Insight:    Parents take longer to shop without children partially due to visualizations of their children’s enjoyment.

Challenge: Comprehending the internal processes of shoppers through observation.
Solution: Invite heavy shoppers to teach ethnographers how to shop in a particular retail environment and put the camera and other documentation materials into consumers’ hands.
Insight: Excluding sale signs, heavy shoppers completely filter out signs.  Thus signage should be aimed at less experienced shoppers.

Challenge: Creating a dataset of fifteen years of prisoner GED data unavailable to Nobel winning economist James Heckman for his influential research and upcoming book on education.
Solution: Go beyond traditional policy makers to education and prison employees, combining interviews with data from prison newsletters, educational leaflets, and other publications.
Insight: The importance of bringing anthropological perspectives to traditional economic research.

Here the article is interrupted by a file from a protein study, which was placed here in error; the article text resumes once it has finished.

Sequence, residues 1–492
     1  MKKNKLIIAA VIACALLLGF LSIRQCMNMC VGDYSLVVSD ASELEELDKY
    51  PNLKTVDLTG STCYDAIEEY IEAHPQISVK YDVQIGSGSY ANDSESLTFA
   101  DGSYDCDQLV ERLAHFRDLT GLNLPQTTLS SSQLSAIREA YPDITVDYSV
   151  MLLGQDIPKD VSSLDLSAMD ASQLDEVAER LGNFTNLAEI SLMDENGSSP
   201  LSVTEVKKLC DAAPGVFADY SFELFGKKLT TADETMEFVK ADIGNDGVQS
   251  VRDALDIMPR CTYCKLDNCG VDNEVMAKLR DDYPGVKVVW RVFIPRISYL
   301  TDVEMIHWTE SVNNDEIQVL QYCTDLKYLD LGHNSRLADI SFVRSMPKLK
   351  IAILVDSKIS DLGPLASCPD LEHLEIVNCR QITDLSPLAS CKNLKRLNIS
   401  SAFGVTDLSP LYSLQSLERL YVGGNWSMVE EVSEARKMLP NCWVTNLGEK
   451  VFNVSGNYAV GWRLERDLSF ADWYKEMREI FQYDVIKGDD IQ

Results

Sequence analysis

Challenge: Analyzing why bloggers/social media users would share personal information with and trust the word of people they’ve never met in person.
Solution: Develop new methodology to code and aggregate blog entries, supplemented by textual based interviewing.
Insight: Online actions and interactions count as much as offline ones; people known digitally are friends, not strangers.

Challenge: Seeing how traditional sexual education (schools, parents, churches) and non-traditional information sources (websites, TV, and magazines) affect young women’s sexual behavior, and their feelings about sexual identity.
Solution: Combine statistical data with guided self-written personal analyses on their sex lives